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The Double Whammy

This past week marked my third full month living in South Korea, and nearly-third full month of teaching middle and high school ESL. Up until now, pretty much all of my blogging efforts have gone toward recounting the many wonderful, new and exciting things that I’ve seen and done. I’ve hiked some killer mountains and stood in awe of glorious views. I’ve biked to the beach and back, soaking up the sun in the Korean countryside. I’ve been to several festivals, gone


Beautiful Fall Leaves in Gyeongsangnam-do!


Her Midnight Run, My Empathy

My best friend’s replacement pulled an infamous “midnight run” last weekend.

Midnight_Run

Her escape wasn’t discovered until, presumably, she was on a plane bound for her home in Australia. Our only indication of this, a presumably-hastily-written email to her recruiter. A “mea culpa” of sorts. Oops.

If we were to write an obituary for her Korean death, it could read: You were only 23, with so much left to see, so much left to do. Or: what was your name again?

She was here such a short time that perhaps only one photo, taken during my friend’s goodbye dinner, is the only evidence this girl ever set foot in this country. Well, that and her suitcase, which she left in the apartment, as well as some ramyeon wrappers and empty soda bottles.


Weekly Quote Collection 2: Questionable Advice

While teaching advice, we had a few gems.



Problem: I don't have any friends.


Suggestions:

"You should make boyfriend!"

"Well, how can I meet him?"

"PC bang!"

Okay kids. I'll just hang around the PC bangs until I meet my Prince Charming.



Problem: I'm going to meet SHINee.


"You should bring your soul."

"You shouldn't say ugly. You should say handsome!"

These ones I actually quite liked. How could I not bring my soul if I were to meet SHINee?



The other thing I'm teaching this week is "which do you prefer" and after one day it's already been great.


"Which do you prefer, eating or sleeping?"

"I prefer eating, because my mouth wants."

Then I asked the same student again: "Which do you prefer, singing or dancing?"

"I prefer singing, because...my mouth wants."

Food for Thought

This New York Times article, Toward Better Teachers, is a brief, well-balanced, thoughtful piece on some of the complexities and challenges of teaching. I most strongly agree with Bruni’s final point that, although teachers deserve greater support, compensation, and respect for their work, they also owe the people from whom they’re demanding those things a “discussion about education that fully acknowledges the existence of too many underperformers in their ranks.”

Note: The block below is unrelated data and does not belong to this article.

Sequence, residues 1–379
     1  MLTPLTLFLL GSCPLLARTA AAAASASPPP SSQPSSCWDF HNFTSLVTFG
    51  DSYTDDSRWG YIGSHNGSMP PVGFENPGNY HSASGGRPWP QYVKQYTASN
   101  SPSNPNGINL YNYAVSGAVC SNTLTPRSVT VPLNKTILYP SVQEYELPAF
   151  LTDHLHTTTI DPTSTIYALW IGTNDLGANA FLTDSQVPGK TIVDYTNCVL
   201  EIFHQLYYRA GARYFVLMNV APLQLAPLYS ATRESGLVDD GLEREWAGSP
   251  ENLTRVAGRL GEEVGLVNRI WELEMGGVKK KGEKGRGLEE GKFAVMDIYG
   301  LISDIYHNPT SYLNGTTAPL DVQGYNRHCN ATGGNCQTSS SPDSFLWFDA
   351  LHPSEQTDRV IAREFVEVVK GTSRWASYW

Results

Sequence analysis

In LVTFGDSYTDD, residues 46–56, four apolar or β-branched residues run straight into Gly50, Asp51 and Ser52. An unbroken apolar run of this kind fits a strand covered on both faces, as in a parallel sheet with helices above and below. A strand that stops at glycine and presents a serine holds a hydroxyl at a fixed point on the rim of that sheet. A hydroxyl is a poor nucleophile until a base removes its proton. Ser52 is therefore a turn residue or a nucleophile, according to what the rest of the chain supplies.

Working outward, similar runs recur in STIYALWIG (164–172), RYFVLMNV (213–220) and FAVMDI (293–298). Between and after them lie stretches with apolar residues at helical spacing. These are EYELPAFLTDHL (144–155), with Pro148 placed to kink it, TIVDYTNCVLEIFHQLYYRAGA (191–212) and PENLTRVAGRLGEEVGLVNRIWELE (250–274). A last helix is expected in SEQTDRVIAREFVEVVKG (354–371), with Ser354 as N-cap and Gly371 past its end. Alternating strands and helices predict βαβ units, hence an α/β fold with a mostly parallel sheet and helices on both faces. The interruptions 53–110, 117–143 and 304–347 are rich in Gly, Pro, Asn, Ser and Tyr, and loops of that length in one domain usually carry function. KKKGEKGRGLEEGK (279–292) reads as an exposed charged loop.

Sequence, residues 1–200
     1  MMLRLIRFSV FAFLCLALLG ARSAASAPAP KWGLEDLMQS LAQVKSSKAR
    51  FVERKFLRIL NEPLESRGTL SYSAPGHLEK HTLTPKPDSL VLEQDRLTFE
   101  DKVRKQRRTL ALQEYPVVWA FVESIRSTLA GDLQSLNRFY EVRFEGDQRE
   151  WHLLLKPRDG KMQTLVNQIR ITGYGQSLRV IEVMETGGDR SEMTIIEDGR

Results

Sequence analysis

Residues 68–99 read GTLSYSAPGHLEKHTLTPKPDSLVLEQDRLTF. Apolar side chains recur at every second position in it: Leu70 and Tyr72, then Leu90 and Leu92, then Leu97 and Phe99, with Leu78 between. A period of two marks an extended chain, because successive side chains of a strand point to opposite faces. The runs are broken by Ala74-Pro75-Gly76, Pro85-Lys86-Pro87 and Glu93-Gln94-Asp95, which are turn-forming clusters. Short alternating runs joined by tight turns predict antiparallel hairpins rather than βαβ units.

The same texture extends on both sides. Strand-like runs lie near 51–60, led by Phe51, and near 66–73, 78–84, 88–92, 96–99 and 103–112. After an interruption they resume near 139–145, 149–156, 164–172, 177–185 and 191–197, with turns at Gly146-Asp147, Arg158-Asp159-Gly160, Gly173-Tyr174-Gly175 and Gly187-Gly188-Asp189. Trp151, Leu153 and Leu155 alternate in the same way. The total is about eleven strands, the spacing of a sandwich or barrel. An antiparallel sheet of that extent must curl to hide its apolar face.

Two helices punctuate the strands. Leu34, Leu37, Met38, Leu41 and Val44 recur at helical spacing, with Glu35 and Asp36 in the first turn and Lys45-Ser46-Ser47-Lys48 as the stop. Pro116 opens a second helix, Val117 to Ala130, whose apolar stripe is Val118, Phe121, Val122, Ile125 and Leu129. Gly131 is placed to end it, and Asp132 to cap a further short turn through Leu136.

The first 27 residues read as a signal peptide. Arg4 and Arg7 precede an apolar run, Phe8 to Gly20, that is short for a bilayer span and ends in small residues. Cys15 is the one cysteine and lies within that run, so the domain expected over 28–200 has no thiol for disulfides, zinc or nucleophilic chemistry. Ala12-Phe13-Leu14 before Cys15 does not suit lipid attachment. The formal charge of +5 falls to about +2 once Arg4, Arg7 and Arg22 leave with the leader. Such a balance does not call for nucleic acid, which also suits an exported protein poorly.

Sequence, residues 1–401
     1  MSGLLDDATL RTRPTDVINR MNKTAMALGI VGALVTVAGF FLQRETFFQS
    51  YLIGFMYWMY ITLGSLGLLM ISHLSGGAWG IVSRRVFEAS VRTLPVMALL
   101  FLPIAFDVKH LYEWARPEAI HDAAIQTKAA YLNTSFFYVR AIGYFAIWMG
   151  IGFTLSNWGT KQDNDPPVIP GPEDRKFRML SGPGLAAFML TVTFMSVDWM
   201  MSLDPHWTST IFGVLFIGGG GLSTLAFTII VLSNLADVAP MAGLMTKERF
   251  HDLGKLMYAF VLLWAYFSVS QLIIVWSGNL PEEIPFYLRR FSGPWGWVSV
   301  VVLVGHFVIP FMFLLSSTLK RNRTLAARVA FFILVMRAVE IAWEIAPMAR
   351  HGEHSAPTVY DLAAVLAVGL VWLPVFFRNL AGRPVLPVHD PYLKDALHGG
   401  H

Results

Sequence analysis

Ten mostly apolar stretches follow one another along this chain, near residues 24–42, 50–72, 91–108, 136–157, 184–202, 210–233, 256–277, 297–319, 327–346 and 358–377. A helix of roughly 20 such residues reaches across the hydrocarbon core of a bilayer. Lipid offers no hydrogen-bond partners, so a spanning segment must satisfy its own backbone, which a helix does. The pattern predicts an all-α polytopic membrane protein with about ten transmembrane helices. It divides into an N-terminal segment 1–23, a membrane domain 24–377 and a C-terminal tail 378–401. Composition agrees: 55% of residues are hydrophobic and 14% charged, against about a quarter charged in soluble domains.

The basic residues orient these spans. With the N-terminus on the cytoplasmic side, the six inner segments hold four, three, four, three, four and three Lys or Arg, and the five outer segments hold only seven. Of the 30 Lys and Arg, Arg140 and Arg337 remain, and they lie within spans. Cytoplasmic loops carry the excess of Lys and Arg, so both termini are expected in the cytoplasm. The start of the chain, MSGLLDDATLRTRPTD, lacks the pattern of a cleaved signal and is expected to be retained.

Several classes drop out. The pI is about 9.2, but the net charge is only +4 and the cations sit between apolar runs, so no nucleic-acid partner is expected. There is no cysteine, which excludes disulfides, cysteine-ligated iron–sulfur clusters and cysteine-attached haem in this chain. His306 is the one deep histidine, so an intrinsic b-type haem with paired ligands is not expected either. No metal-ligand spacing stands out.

What do you think?


I Won't Share My Oreos

As you get older, birthdays get...complicated. It used to be so easy. Cake and candles, invite your friends over, a pile of presents, rinse, repeat. But now that I'm older, it's more of an annoying obligation that anything else at times. It feels as if I'm expected to have a party, expected to go out, when often all I want to do is stay home with a pizza.

Weekly Quote Collection: Shaking my Sausage

My students are constantly saying either hilarious or amazing things, so I'm going to start posting highlights here on a weekly basis. This week was...quite the week.

During a 1st year class:

"Teacher! I'm shaking my sausage every day!"

"Me too teacher! I'm very long sausage!"

Someone had taught them the term "johnson" as well, so there were plenty such jokes as well. Another boy came up to me to ask "Teacher, what is 'Johnson'?" I managed to choke out, while trying to hide my laughter "It's...a boy has..."

"Ah, okay okay. Thank you teacher."

I accidentally wore burgundy tights and a red coat and an orangey scarf today, so the comments about my color choices were common. The best, though, happened during my last class of the day today.

Lessons For The Teacher- What We Learnt To Expect When Teaching In Korea

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We came to Korea to be teachers, to help children to learn. Turns out that working as an English teacher in Korea has taught us a lot of things too: lessons in leading, discipline, understanding and eternal patience (ok, still working on that last one…). And, we’ve learnt that school in Korea is completely different than in England; would you ask about a teacher’s relationship status in the UK? Most probably not. In Korea? It’s one of the first questions you’re asked (and repeatedly asked again, and again, and again).


RTBC Day Eleven: The teacher becomes the student

Reflective Teaching Blog Challenge – Day Eleven: What is your favorite part of the school day? Why?


RTBC Day Ten: 5-4-3-2-1

Reflective Teaching Blog Day Ten: Share five random facts about yourself. Share four things from your bucket list. Share three things you hope for this year, as a person or an educator. Share two things that have made you laugh or cry as an educator. Share one thing you wish more people knew about you.

Five random facts:


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